The opinion of the court was delivered by: Judge Dan Aaron Polster
MEMORANDUM OF OPINION AND ORDER
Pending before the Court is Defendant Akeem Stafford's Motion for New Trial pursuant to Rule 33 of the Federal Rules of Criminal Procedure (Doc. # 42). The essence of the motion is that the Court incorrectly admitted in evidence the results of a gunshot residue test, which revealed the presence of particles on Defendant's hand consistent with him having fired a gun, and expert testimony about that test.
On November 21, 2010, police officer Joe Figula was driving in downtown Elyria when he heard a gunshot.*fn1 He stopped his car, looked ahead, and saw a man fire two more shots into a nightclub. Officer Figula noticed the shooter was wearing a black zip-up sweatshirt with a white-striped collar and white cursive font on the back. The shooter spotted Officer Figula and started to run. Officer Figula called for back up and gave chase.
The shooter ran into an alley, across a McDonald's parking lot, and out into traffic. Officer Figula lost sight of him when he ran behind a bank. Officer Figula got out of his car and walked around the back of the bank where he saw Defendant Akeem Stafford lying prone next to an air-conditioner; he was wearing the same black sweatshirt Officer Figula saw on the shooter.
Officer Figula drew his gun and ordered Defendant to show his hands. Officer Figula handcuffed him but found no weapon, so he and several officers scoured the area. They eventually found spent .45 caliber shell casings and a .45 caliber semi-automatic handgun near the area of the shooting.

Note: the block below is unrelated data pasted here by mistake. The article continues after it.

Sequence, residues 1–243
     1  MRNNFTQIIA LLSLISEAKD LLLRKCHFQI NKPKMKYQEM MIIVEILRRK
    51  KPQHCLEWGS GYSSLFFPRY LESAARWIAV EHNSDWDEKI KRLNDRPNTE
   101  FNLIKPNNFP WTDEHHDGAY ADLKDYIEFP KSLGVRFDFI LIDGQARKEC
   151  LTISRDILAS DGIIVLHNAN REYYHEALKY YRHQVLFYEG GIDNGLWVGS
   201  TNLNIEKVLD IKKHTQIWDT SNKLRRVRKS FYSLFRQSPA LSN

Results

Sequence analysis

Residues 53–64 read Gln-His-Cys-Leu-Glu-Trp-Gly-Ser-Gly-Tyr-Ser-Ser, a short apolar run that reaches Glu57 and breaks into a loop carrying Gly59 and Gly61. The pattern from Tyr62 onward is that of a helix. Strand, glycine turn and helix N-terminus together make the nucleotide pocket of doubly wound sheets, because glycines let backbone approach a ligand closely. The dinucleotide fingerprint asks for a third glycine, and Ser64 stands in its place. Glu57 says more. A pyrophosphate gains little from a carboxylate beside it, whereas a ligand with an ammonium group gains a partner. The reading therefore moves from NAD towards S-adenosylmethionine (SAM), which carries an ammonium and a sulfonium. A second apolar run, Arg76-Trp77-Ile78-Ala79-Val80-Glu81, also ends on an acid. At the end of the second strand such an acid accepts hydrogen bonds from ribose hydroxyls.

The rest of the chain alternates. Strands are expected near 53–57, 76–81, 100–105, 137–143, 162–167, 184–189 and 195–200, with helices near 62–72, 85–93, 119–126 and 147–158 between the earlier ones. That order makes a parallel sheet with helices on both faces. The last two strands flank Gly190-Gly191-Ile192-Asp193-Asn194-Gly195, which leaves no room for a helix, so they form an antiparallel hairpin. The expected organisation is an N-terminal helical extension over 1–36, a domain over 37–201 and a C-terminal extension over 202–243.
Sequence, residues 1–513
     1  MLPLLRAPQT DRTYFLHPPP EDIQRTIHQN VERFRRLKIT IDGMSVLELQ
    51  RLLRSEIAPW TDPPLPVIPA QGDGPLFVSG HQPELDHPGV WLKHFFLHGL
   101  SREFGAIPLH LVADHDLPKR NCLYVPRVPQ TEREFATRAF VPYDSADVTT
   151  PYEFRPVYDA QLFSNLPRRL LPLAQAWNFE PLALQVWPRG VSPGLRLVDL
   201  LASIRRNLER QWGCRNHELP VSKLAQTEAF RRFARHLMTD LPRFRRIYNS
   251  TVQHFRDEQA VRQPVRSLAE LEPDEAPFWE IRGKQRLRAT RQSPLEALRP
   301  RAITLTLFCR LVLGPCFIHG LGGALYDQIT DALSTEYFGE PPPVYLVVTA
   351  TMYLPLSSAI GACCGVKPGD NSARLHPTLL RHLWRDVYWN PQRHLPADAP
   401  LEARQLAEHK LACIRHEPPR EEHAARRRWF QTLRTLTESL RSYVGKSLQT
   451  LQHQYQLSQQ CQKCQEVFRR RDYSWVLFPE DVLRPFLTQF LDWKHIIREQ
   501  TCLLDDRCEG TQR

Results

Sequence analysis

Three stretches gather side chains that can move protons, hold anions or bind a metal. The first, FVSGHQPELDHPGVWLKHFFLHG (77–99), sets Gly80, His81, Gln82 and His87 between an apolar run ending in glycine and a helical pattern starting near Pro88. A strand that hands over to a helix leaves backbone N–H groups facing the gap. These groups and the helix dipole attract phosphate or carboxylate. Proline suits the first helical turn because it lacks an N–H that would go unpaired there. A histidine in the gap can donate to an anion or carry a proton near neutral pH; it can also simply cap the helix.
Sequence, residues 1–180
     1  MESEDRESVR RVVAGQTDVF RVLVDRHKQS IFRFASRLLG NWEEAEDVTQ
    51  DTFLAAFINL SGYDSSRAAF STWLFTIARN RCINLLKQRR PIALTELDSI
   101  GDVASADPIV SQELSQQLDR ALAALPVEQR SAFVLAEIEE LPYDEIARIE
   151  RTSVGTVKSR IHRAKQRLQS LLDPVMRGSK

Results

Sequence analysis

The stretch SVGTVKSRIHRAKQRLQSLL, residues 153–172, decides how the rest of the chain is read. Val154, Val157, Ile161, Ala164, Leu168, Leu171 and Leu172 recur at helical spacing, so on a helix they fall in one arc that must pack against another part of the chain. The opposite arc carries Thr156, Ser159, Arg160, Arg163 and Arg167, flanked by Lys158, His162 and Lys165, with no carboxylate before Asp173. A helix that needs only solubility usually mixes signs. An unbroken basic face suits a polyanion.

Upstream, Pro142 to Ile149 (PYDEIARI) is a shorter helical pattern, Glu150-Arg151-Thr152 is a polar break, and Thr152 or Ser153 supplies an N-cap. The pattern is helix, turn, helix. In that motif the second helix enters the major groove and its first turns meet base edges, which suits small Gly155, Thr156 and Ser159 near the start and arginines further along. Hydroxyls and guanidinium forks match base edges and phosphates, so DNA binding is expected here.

The officers put Defendant in a police car and drove him to the Elyria police station where he was processed and booked. The officers subjected Defendant to a Gunshot Residue ("GSR") test and submitted the ballistics evidence, including the gun and shell casings as well as the samples collected from Defendant's hand, to the Ohio Bureau of Criminal Identification and Investigation lab ("BCI"). BCI tested the samples and found six gunshot residue particles, that is, particles from a bullet that disperse when a gun is fired.
On February 1, 2011, Defendant was indicted on one count of being a felon in possession of a firearm in violation of 18 U.S.C. § 922(g). Defendant pled not guilty and a trial was scheduled. Before trial Defendant filed a motion in limine to exclude the results of the GSR test and the testimony of an expert witness regarding those test results (Doc. # 23). The Court denied Defendant's motion and the evidence was admitted (Doc. # 28). After a two-day trial, the jury returned a verdict of guilty.
Defendant now seeks a new trial and has filed a motion pursuant to Rule 33 of the Federal Rules of Criminal Procedure, arguing that the GSR test and expert testimony were wrongly admitted.